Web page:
Prior to this event, Modi addressed members of the Indian community and said that political stability was behind the economic growth story of India.

“In a very short span of time, India has once again given rise to new expectations at the world stage,” he said in a short speech.

Apart from a large number of blue collar workers, Indian doctors, teachers, engineers and managers have made immense contributions to Saudi Arabia’s development, something that has been appreciated by the country’s rulers on numerous occasions.

Indians in Saudi Arabia make an important contribution to their homeland sending around $10 billion in remittances every year. Earlier on Saturday, Modi was received at the King Khalid International Airport by Governor of Riyadh Prince Faisal Bin Bandar Al Saud.

Saudi Arabia is the third and last leg of Modi’s three-nation tour which also took him to Brussels where he attended the 13th India-European Union (EU) Summit and held a bilateral meeting with Belgian Prime Minister Charles Michel and then to Washington where he participated in the Nuclear Security Summit hosted by US President Barack Obama.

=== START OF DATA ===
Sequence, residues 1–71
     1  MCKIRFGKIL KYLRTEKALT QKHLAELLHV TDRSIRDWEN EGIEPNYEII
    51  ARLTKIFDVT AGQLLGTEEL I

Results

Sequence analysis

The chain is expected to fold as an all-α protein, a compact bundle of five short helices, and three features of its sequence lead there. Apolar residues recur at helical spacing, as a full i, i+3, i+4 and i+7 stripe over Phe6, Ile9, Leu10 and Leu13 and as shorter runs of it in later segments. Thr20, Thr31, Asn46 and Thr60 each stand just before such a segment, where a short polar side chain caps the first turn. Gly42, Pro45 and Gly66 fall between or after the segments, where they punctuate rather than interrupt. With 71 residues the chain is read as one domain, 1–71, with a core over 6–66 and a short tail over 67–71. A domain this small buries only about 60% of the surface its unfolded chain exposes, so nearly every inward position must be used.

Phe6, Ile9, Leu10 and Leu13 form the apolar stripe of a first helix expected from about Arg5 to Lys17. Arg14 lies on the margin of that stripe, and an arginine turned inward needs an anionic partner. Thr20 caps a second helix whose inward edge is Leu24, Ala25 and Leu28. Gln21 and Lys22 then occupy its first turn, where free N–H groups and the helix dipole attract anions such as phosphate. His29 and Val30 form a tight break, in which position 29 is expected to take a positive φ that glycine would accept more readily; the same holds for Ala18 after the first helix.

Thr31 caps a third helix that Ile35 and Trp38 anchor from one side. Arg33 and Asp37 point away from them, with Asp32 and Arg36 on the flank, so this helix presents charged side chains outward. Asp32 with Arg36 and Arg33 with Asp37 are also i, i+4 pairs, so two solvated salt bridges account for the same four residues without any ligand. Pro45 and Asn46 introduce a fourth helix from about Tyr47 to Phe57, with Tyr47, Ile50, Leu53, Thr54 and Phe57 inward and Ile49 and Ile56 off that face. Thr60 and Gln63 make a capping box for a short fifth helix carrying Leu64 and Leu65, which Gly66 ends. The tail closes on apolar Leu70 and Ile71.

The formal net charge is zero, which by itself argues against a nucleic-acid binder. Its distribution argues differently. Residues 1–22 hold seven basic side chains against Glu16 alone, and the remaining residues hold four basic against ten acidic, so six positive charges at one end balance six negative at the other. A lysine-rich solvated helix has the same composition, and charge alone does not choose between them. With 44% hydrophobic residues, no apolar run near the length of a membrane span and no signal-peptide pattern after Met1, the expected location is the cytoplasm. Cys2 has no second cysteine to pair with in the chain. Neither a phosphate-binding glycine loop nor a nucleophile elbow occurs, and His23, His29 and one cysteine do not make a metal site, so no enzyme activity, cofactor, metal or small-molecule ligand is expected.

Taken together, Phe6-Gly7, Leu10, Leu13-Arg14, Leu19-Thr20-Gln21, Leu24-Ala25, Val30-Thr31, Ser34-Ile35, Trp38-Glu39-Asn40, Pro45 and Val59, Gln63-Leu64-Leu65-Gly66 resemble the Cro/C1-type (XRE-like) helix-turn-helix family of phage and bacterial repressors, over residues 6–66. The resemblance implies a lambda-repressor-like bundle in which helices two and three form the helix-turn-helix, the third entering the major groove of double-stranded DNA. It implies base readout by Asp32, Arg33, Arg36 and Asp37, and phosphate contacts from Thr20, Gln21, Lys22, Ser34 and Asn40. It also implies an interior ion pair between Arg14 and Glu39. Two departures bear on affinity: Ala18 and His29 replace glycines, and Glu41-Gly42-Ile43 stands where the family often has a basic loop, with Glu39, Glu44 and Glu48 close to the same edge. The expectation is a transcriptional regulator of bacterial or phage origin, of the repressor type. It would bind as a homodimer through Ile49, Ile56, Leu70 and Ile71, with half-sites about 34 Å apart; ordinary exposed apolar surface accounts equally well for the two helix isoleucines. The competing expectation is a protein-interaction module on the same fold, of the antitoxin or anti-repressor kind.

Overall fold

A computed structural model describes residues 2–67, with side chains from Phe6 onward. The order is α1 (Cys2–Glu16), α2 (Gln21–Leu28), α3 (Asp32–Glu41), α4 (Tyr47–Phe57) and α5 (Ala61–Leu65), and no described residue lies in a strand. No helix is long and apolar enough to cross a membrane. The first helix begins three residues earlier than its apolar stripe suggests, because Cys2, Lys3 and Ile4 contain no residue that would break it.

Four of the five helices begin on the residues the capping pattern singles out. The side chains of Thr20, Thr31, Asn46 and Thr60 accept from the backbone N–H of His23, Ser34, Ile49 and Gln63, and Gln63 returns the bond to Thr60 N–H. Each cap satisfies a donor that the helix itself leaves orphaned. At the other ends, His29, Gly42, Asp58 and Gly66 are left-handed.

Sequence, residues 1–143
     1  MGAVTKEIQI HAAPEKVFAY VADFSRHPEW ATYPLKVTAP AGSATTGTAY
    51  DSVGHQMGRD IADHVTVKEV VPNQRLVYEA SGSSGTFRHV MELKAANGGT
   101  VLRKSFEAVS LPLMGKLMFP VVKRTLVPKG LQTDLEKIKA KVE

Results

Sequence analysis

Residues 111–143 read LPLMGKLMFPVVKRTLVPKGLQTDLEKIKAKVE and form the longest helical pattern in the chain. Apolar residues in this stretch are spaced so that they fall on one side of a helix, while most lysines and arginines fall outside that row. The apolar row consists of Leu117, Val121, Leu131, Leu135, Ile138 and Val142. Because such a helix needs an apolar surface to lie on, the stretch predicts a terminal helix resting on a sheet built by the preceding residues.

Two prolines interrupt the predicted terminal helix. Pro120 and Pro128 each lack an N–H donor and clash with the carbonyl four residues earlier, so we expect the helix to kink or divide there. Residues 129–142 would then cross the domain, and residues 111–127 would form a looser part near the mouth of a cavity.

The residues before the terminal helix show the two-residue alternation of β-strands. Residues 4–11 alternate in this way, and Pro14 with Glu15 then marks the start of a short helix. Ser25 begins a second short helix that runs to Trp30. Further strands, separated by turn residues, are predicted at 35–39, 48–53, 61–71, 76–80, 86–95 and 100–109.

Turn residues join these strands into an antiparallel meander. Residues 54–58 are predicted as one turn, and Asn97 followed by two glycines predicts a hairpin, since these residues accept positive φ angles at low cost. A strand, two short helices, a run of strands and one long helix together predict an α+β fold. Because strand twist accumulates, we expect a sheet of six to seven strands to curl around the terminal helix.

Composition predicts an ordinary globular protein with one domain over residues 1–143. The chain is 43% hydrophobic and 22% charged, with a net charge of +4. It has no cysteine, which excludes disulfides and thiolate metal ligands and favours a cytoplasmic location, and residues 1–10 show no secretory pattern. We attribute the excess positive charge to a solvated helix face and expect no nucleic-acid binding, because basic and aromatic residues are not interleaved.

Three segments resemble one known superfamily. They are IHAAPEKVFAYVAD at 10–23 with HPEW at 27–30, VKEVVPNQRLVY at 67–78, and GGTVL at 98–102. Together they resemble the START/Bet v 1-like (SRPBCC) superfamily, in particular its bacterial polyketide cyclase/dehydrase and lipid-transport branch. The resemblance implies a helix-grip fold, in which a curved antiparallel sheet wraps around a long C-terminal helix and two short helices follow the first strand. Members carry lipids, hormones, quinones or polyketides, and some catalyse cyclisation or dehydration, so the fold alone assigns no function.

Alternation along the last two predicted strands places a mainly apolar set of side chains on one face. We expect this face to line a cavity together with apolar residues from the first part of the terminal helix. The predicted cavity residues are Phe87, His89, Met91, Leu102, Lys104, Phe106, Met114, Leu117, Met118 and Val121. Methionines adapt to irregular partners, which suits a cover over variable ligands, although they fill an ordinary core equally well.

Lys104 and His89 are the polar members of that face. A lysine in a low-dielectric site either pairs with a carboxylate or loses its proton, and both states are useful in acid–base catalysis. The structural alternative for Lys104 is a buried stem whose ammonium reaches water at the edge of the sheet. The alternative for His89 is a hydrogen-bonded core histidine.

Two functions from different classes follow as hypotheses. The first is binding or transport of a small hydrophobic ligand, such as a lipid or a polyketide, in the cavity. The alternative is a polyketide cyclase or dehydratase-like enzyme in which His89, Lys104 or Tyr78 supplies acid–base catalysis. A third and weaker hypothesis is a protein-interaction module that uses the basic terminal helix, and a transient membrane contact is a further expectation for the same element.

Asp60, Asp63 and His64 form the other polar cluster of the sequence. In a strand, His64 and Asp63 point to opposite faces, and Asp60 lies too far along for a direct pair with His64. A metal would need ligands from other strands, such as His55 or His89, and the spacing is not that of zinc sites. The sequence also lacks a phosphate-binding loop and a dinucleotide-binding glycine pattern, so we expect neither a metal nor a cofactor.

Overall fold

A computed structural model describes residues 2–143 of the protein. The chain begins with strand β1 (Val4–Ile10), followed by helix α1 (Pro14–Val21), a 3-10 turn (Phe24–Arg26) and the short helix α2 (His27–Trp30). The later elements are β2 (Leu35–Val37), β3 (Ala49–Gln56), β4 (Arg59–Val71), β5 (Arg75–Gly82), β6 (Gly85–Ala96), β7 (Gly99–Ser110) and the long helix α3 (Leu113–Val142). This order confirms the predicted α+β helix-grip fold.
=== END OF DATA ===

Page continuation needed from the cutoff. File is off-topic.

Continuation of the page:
This is the first prime ministerial visit from India to the oil-rich Gulf kingdom since the visit of Manmohan Singh in 2010.

“Reached Saudi Arabia. I look forward to a productive visit that will strengthen our bilateral relations,” Modi tweeted on arrival.Ties between India and Saudi Arabia are expected to be further elevated from the current strategic partnership to a more broad-based one.

Apart from the community interactions on Saturday, Modi also visited the Masmak Fortress here which is a monument of historical importance for Saudi Arabia.

Saud bin Sultan bin Abdullah Al Saud, a member of the royal family and a researcher at the Saudi Commission for Tourism and National Heritage, accompanied him around.Modi will be accorded a ceremonial welcome on Sunday afternoon at the Royal Court here by King Salman Bin Abdulaziz Al Saud, who will also host a lunch in honour of the visiting prime minister.

This will be followed by delegation-level talks and the signing of agreements.The prime minister will leave for India late Sunday afternoon.(IANS)